A community for students.
Here's the question you clicked on:
 0 viewing
Pulsified333
 one year ago
Assume that the box contains 6 balls: 1 white, 2 yellow, and 3 green. Balls are drawn in succession without replacement, and their colors are noted until a white ball is drawn. How many outcomes are there in the sample space?
Pulsified333
 one year ago
Assume that the box contains 6 balls: 1 white, 2 yellow, and 3 green. Balls are drawn in succession without replacement, and their colors are noted until a white ball is drawn. How many outcomes are there in the sample space?

This Question is Closed

Pulsified333
 one year ago
Best ResponseYou've already chosen the best response.0I thought there should be 33 in the space but its wrong

anonymous
 one year ago
Best ResponseYou've already chosen the best response.012C3 = 12! / (9! 3!) = 12 * 11 * 10 / (3 * 2 * 1) = 220 different combinations of three balls among the 12 balls in the box. This is the number of different possible 3ball draws. There are 6C3 = 6! (3! 3!) = 20 combinations of 3 balls that are all red. There are 4C3 = 4 combinations of 3 balls that are all blue. There are no combinations of 3 balls that are all green. So the probability of drawing 3 balls the same color, without replacement, is (20 + 4) / 220 = 24/220 = 6/55 = about 10.9%

Pulsified333
 one year ago
Best ResponseYou've already chosen the best response.0there are no red balls in this problem

anonymous
 one year ago
Best ResponseYou've already chosen the best response.0?? Let me redo. This was my problem, I've had this before.

anonymous
 one year ago
Best ResponseYou've already chosen the best response.0I did this awhile ago, mine was just with red instead of white, so I'm not sure.

dan815
 one year ago
Best ResponseYou've already chosen the best response.1nono so w can be drawn either 1s 2nd 3rd... or 6th

dan815
 one year ago
Best ResponseYou've already chosen the best response.1for each of these 6 cases u can have different combinations of balls before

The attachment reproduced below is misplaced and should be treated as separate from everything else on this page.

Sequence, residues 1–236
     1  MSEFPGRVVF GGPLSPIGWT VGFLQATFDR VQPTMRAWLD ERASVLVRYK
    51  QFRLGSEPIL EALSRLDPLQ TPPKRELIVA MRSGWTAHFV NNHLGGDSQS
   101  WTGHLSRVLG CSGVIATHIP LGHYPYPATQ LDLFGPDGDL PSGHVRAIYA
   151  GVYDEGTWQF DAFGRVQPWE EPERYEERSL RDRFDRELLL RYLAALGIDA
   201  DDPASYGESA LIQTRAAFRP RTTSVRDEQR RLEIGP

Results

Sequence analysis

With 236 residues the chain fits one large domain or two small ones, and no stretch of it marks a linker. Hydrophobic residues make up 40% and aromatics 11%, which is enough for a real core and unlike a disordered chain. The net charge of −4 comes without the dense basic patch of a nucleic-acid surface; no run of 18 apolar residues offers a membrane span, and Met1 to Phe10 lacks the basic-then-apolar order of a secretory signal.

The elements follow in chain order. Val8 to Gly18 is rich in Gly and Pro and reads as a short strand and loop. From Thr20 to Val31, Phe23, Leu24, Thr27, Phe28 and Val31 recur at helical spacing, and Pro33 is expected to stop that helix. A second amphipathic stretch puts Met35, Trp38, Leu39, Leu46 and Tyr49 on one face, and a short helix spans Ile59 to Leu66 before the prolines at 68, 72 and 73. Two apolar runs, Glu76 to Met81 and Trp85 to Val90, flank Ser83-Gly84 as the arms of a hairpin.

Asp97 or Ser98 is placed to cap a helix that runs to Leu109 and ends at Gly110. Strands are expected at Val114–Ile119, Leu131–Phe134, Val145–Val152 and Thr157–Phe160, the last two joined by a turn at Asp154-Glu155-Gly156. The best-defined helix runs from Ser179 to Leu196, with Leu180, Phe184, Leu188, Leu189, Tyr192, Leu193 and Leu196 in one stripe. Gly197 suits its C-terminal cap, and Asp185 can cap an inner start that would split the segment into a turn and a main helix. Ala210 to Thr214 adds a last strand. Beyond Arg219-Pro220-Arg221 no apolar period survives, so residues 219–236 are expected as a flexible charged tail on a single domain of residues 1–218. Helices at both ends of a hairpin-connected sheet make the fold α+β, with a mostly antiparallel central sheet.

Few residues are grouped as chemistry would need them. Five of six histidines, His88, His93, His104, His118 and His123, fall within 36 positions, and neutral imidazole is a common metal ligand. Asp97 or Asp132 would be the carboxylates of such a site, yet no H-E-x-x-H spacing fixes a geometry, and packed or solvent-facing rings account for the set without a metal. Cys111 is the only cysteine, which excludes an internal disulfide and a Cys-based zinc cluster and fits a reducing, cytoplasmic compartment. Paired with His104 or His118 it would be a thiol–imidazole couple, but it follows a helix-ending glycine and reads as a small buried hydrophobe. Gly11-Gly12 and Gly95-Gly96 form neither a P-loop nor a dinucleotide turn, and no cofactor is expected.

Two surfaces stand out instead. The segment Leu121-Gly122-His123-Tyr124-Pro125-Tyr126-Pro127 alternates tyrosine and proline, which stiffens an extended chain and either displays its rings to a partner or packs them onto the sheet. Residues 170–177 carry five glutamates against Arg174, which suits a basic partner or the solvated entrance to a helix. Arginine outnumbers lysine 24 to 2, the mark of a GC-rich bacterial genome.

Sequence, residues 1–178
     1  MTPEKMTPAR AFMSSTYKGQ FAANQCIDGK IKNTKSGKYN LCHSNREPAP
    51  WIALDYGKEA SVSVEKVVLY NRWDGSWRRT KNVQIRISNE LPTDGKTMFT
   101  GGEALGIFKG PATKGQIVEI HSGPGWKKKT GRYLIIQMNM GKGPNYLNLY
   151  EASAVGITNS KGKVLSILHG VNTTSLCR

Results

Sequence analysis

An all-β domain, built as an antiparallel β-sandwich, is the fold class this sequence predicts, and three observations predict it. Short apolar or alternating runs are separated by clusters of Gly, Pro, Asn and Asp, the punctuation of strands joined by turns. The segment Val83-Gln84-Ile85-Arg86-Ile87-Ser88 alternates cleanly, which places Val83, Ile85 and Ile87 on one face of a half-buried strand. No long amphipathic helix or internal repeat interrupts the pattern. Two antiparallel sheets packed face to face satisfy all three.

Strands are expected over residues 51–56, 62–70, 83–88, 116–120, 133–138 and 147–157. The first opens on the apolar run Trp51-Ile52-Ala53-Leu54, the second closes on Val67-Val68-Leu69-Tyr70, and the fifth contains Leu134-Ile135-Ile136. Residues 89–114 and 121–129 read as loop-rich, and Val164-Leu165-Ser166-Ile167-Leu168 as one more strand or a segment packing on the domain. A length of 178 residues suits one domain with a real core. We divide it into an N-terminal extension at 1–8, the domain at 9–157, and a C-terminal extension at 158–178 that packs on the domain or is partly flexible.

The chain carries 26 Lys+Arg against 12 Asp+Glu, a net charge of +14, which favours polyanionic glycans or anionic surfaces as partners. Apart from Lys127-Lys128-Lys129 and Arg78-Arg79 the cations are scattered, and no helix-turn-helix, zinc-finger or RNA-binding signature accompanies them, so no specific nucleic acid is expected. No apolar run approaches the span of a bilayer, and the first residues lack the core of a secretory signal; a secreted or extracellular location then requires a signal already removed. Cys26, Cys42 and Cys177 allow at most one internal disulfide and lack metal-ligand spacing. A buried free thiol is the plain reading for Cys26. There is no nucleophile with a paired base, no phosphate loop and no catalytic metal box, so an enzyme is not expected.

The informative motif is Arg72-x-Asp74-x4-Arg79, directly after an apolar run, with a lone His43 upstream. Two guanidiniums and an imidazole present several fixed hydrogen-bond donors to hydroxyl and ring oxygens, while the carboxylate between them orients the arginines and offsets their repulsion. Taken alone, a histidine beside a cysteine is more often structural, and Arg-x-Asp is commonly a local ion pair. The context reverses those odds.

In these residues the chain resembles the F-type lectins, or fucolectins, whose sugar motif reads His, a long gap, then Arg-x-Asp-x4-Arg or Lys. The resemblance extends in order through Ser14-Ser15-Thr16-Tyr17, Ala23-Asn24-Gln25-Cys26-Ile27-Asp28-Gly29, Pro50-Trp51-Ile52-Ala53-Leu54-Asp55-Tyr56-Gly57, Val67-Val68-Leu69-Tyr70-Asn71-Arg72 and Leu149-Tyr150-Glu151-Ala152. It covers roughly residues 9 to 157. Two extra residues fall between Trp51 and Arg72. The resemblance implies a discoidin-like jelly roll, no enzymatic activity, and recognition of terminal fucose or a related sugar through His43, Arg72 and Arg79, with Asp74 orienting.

Pulsified333
 one year ago
Best ResponseYou've already chosen the best response.0right so how do i find out how many outcomes there are

dan815
 one year ago
Best ResponseYou've already chosen the best response.1okay so take a random case see if we can figure out a pattern because i dont like this method it looks too long

dan815
 one year ago
Best ResponseYou've already chosen the best response.1lets say for w showing up on the 4th try _ _ _ W that means we have 3 places for ,2 red and 3 green

Pulsified333
 one year ago
Best ResponseYou've already chosen the best response.0no red just yellow

dan815
 one year ago
Best ResponseYou've already chosen the best response.1that means we either have 3 green,2, green or 1 green in there

dan815
 one year ago
Best ResponseYou've already chosen the best response.1but i dont wanna count like this, theres gonna be a permutation adn combination way of getting 3

dan815
 one year ago
Best ResponseYou've already chosen the best response.1we have 3 spots, 3 Green,2 Yellow* to fill those 3 spots

Pulsified333
 one year ago
Best ResponseYou've already chosen the best response.0well I originally made a tree chart and came up with 33

Pulsified333
 one year ago
Best ResponseYou've already chosen the best response.0Ik, is there a faster way to do it?

dan815
 one year ago
Best ResponseYou've already chosen the best response.1thats what im trying to think about

Pulsified333
 one year ago
Best ResponseYou've already chosen the best response.0I think i missed a W on my chart so I think it 34
Ask your own question
Sign UpFind more explanations on OpenStudy
Your question is ready. Sign up for free to start getting answers.
spraguer
(Moderator)
5
→ View Detailed Profile
is replying to Can someone tell me what button the professor is hitting...
23
 Teamwork 19 Teammate
 Problem Solving 19 Hero
 Engagement 19 Mad Hatter
 You have blocked this person.
 ✔ You're a fan Checking fan status...
Thanks for being so helpful in mathematics. If you are getting quality help, make sure you spread the word about OpenStudy.